Here’s a couple of other thoughts you might consider to personalize your wedding. But remember that the whole meaning of “personalize” is that it is personal to you.

1. Do mom and dad, or grandma and grandpa maybe, have their knife and server, or toasting flutes from THEIR wedding that you could use?

2. How about a cake topper? My good friend Chris was telling me that their family (and it’s a BIG family!) has a 50’s cake topper, the fluffy lace, plastic bride and groom kind, that has been on everyone’s cake that has gotten married in her family for the last 30 or 40 year! How cute is that! She says they paint the bride and groom’s hair to match the couple who is getting married and off they go.

3. Baby bonnet/handkerchiefs. Back when I worked in a gift shop in the late 60’s we sold a little baby bonnet that was made out of a handkerchief. It came with a little poem about giving it to the baby when they grew up to carry on their wedding day (or in the case of a boy, for him to give to his bride to carry) and directions on where to remove the stitches so that it became a hanky again, and also instructions on how to tack it back together to be a bonnet again for their child when it was christened. I know these bonnets are around, because I had to have sold 200 of them. I just loved the idea. Ask your mom, or your fiance’s mom. Maybe they have forgotten about it and it’s folded up in someones hope chest somewhere!

4. Your mother’s gown. There are people here in the area who are VERY talented and can redesign your mother’s gown into a beautiful gown for you. If your mom’s gown is beyond hope though, you might consider making a handkerchief from the fabric to carry on your wedding day, or possibly salvage some lace from it. I have seen christening gowns made from wedding gowns as well. If you don’t want to actually cut into the gown itself, there might be a crinoline or veil that would work. Be creative.

5. Music is another area where we see folks get very creative. We have had a couple of dads in the past that recorded themselves singing the song that they would dance to with their daughter. Of course, if your dad can’t carry a tune in a bucket, that might not be a very good idea!

6. Pictures are always a sweet and sentimental way to honor your grandparents and parents. In the lobby, you might want to gather wedding photos of the relatives and place them around the room. Just be sure to make a little placecard type label that tells who they are and their wedding date. Or I suppose you could have a contest to see who could identify them and their wedding year correctly, that might be fun!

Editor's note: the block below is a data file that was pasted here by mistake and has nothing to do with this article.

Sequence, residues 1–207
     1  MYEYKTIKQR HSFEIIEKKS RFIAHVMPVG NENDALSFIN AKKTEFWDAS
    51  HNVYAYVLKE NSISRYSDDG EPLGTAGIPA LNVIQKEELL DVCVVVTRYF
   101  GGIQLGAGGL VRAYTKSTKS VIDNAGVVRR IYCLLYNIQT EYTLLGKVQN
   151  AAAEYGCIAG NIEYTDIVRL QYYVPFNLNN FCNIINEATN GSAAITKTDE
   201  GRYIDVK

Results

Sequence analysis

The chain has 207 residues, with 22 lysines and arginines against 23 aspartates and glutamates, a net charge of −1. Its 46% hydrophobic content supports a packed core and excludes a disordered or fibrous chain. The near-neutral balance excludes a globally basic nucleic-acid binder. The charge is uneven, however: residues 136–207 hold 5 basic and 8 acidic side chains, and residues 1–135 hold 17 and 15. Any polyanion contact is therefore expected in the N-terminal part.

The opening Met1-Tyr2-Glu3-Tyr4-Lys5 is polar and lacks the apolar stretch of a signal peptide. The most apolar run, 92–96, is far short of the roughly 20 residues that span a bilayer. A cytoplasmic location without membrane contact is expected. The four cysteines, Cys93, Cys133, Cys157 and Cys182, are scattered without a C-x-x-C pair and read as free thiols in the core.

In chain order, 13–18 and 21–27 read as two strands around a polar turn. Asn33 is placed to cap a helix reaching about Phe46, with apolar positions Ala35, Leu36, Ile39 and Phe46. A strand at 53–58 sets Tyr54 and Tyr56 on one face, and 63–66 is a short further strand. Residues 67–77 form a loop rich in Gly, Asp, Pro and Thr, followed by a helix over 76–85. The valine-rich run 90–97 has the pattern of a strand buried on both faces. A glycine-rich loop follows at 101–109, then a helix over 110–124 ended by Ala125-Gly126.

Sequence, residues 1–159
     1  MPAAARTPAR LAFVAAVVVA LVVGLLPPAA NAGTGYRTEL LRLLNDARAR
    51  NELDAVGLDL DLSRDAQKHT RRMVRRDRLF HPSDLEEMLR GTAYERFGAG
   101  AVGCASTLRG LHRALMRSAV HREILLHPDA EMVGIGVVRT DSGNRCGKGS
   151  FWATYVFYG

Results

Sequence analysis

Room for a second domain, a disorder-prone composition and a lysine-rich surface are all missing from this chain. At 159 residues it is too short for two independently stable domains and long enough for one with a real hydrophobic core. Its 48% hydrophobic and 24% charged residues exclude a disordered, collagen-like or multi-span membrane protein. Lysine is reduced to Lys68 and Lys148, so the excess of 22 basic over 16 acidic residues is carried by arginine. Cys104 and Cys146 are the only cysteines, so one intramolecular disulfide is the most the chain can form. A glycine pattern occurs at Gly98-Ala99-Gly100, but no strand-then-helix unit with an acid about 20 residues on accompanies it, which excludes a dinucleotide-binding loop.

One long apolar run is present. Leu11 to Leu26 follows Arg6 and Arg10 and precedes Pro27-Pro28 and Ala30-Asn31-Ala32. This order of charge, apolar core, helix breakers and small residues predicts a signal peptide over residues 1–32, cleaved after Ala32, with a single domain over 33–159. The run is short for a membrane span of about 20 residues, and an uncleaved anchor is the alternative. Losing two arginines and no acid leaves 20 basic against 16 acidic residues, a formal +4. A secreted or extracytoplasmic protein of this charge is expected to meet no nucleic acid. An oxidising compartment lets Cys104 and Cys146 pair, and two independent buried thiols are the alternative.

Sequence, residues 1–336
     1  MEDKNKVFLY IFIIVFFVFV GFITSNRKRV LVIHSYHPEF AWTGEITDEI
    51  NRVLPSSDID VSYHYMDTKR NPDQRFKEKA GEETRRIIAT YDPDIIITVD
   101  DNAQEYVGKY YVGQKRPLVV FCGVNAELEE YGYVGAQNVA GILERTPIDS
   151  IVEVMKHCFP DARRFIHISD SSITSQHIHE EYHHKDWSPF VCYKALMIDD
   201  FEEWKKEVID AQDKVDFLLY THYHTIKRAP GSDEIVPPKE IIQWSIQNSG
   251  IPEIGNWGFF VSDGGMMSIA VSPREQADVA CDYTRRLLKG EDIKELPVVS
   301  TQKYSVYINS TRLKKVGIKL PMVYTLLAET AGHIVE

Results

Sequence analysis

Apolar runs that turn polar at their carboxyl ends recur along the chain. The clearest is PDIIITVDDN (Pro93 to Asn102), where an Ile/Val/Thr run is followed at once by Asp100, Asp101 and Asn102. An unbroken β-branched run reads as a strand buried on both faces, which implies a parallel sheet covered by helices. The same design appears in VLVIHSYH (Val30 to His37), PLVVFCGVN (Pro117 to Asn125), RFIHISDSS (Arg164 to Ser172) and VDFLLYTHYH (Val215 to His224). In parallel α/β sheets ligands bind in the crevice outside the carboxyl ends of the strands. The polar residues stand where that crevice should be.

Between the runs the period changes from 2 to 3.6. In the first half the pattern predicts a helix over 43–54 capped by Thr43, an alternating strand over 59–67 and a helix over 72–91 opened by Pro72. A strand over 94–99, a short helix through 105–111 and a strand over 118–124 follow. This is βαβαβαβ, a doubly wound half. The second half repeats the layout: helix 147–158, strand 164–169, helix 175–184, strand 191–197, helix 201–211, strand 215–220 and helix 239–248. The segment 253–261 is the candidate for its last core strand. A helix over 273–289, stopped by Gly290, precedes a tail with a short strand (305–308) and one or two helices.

7. Guest books have branched out into many different directions. Photo mattes that guests sign are a great idea. There are also guest books where a photo is taken of each guest or couple, and then the photo is put on a page in the book along with the their best wishes written to the bride and groom, on their own page. This has always seemed so much more meaningful to me than just their names in a book on a line.

8. How about having each guest write on a square of fabric with fabric pens, and then the squares could be assembled into a quilt after the wedding?

Weddings are steeped in traditions and sentiments. Make yours special with touches that reflect you and your families. Let’s change the watchword from “simple but elegant” to “unique and personal”!

Thursday, April 9, 2009

What about a New Year's Eve Wedding?

We have booked August 22nd, but we still have the October 10 date open! Some lucky couple is going to have an awesome anniversary date for the next 80 years!

Another fabulous date that we still have available is New Year's Eve. We have had weddings for the past several years on New Year's Eve. Every one has been an amazing evening. Just think about it, you start the new year as a married couple--how romantic is that? It's the perfect way to begin a new year, and end an old one.
AND 12/31 is on a Thursday this year which gives everyone a 4 day weekend! You could have a lovely little mini-moon in Chicago, and not miss work!

Years ago, everyone went to parties on New Year's Eve. They had big parties at the hotels, and banquet facilities, and restaurants, and you made your plans months in advance just to get the best choice. We've seen this change over the years, and for particularly the last 10 years or so, it hasn't been a big party night for most folks. Consequently, we find that the guests are thrilled to receive an invitation for a New Year's party and have such a wonderful occasion to celebrate. It's unique, one of a kind, and ever so special!

At Aberdeen, we usually just move things back a little to accommodate the holiday. Instead of the usual 6 p.m. starting time, we can start the reception at 7, have dinner from 8 to 9, and then end the reception at 1 a.m. instead of 12. It gives everyone a chance to party, count down the New Year, and then by 1, they are usually ready to wind it up.